Brain Disturbances of One May Increase Risk for the Other
The cited NIDA report states that effects on brain structure and function caused by drug use may explain the risk of a psychological disorder and vice versa. For example, meth abuse may cause brain changes that trigger the onset of manic depression in a person with an underlying vulnerability (diathesis) for the mood disorder. In addition, substance use disorders and mental illnesses share common triggering risk factors, such as genetic susceptibility, stress, a history of trauma, and brain dysfunction, according to NIDA.
The Brain and the Manic Depression-Meth Connection
Meth abuse and manic -depressive disturbances are likely connected by similar effects on the brain. Changes occur in nerve cell structure and neurotransmitters, as well as their pathways in areas of the brain that control such factors as:
- Mood, pleasure, and reward
- Behavior, action, and self-control
- Memory, learning, and decision-making
These defects make it difficult for a person with either condition to function as normal.
Meth and the Brain
Methamphetamine is a potent stimulant that gets into the brain quickly, especially if smoked or injected. Meth affects mood, behavior, and other factors by entering nerve cells in the brain. Its action in the cells causes an excess release of neurotransmitters, such as dopamine, norepinephrine, and serotonin, out of the cells. The increased level of hormones between cells (synapses) overstimulates the central nervous system and causes the psychological symptoms of the meth use disorder. Meth also prevents reuptake of transmitters back into the cells, prolonging their action.
Neurology Today notes the excess dopamine in the pleasure and reward areas of the brain is responsible for the initial high or euphoric pleasure and the manic state. Over time, meth is toxic to nerve cells' structure and function. Repeated use or high doses of meth causes the cells to produce fewer neurotransmitters and receptors in some areas of the brain, according to Behavioral Neurology. Lower levels of the hormones or the change in their function lead to depressed mood and other disturbances during abstinence, and the meth user needs the drug to improve these dysfunctions. A decrease in dopamine causes the diminished ability to feel pleasure to normal activities without the drug, according to the JHRBA article.
Manic Depression and the Brain
Less is known about the brain abnormalities in manic depression, but research indicates they may be similar to changes brought on by meth use and abuse. A review in World Psychiatry notes "disruptions in neurotransmitter systems and signalling pathways" in interconnected areas of the brain might underlie manic depression.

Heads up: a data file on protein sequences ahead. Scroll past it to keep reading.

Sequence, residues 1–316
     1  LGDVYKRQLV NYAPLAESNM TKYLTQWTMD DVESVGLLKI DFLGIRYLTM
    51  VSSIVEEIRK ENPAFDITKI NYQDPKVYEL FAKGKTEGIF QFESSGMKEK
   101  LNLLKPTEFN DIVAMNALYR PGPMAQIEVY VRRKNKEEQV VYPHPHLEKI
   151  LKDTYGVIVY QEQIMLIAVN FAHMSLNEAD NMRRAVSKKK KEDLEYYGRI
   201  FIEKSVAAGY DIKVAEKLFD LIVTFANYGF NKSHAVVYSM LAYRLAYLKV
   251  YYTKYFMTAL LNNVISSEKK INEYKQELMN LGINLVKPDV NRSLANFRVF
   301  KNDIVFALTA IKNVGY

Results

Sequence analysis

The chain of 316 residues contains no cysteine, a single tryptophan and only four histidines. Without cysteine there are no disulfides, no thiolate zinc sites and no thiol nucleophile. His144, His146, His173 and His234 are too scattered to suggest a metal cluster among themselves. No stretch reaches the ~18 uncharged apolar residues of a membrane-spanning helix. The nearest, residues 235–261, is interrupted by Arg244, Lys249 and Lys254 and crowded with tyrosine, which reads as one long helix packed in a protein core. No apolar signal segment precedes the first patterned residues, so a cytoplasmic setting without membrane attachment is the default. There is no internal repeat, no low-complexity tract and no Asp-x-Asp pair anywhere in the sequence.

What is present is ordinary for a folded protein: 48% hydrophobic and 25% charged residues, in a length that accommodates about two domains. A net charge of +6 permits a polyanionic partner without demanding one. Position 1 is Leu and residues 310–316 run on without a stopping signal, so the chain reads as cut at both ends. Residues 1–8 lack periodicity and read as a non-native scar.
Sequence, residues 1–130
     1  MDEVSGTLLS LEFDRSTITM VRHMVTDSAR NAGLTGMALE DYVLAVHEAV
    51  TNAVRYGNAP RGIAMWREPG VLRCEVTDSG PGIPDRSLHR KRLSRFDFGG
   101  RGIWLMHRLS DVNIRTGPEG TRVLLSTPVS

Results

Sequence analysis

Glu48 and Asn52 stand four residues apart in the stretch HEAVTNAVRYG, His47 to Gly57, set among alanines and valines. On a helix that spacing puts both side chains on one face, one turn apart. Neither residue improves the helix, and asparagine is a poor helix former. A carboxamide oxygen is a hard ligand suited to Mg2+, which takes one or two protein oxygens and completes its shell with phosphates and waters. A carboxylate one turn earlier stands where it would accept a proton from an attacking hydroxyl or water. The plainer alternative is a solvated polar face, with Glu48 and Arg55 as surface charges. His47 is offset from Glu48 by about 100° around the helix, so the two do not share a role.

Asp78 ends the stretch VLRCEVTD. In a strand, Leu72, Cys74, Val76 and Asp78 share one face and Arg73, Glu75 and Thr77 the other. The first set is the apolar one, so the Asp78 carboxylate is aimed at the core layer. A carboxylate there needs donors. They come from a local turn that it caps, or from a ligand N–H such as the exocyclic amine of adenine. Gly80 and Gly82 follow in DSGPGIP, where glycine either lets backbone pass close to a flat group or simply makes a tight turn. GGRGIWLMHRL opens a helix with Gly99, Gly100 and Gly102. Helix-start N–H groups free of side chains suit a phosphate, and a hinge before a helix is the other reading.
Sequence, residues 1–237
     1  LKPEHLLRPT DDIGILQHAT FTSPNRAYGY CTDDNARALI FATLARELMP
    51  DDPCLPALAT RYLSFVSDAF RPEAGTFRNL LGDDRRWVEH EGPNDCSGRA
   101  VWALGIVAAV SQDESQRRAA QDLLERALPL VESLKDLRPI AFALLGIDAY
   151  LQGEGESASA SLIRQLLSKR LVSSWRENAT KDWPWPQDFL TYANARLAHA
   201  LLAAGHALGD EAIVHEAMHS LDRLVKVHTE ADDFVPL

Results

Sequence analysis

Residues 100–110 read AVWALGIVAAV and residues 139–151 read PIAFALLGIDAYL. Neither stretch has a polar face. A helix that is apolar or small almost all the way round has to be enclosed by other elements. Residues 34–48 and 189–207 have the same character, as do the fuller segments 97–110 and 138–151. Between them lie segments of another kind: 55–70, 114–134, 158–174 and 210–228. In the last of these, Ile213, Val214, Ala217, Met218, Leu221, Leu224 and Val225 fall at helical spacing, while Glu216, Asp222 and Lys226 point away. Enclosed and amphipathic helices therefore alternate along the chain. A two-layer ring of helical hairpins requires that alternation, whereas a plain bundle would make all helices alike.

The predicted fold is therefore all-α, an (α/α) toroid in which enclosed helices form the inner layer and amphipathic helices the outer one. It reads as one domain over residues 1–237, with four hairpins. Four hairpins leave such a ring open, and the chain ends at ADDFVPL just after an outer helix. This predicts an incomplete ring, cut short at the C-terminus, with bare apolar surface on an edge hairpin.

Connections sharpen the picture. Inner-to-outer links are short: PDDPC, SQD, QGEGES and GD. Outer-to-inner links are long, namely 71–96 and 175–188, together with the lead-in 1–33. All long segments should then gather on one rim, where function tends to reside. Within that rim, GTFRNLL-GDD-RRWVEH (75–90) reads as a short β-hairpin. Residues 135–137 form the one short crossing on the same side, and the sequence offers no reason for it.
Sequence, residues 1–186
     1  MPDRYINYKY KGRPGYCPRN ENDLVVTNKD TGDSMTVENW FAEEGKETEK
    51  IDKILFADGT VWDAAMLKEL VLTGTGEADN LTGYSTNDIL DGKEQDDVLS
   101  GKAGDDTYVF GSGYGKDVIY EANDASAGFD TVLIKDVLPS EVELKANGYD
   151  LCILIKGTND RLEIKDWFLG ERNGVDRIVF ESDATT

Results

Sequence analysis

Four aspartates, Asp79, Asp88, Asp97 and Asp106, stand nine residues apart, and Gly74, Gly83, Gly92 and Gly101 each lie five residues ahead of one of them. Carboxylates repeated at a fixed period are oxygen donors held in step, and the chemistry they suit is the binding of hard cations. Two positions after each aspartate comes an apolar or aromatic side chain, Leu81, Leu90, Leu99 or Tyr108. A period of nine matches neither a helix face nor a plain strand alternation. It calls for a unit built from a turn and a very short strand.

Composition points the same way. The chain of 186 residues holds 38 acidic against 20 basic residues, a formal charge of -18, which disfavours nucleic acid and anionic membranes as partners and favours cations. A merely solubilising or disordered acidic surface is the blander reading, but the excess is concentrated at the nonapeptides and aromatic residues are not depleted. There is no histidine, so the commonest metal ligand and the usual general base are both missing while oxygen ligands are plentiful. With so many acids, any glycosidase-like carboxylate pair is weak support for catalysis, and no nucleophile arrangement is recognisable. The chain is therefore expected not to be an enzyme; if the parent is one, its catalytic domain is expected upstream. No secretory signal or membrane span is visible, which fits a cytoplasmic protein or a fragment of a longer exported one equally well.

As with meth abuse, defects in dopamine, norepinephrine, serotonin, and other neurotransmitter secretion and functions are thought to play a part in the disorder, although exact mechanisms are not yet certain. The disturbances in these hormones probably occur in areas of the brain similar to the effects of meth abuse. These areas include those involved in pleasure, reward, and other emotions and behavior.
Both manic depression and meth abuse and addiction are difficult to treat. When the two disorders occur together, each may affect successful management of the other. For a person with manic depression, the added effects on the brain from meth abuse might make it hard to treat the bipolar disorder.
For the best outcome, treatment must be directed to the meth abuse and the manic depression at the same time. Manic depression is not curable, but treatment can be effective. As noted by the National Institute of Mental Health, treatment includes medications and behavioral therapy. There are no specific drugs available in 2015 to treat meth addiction, unlike other drugs of abuse such as heroin, however other standard types of drug addiction treatment and antidepressants can be helpful.
Seek Help Early
Seek medical help early if you abuse meth and develop symptoms of mania and depression, or if you have a previous diagnosis of bipolar disorder and start to abuse meth. Both problems are connected by similar effects on the brain, mood and behavior. You are at a greater risk for severe psychosis and suicide if you have manic depression and abuse meth. Talk to your doctor or find a behavioral health or addiction specialist through the Substance Abuse and Mental Health Services Administration's (SAMHSA) website.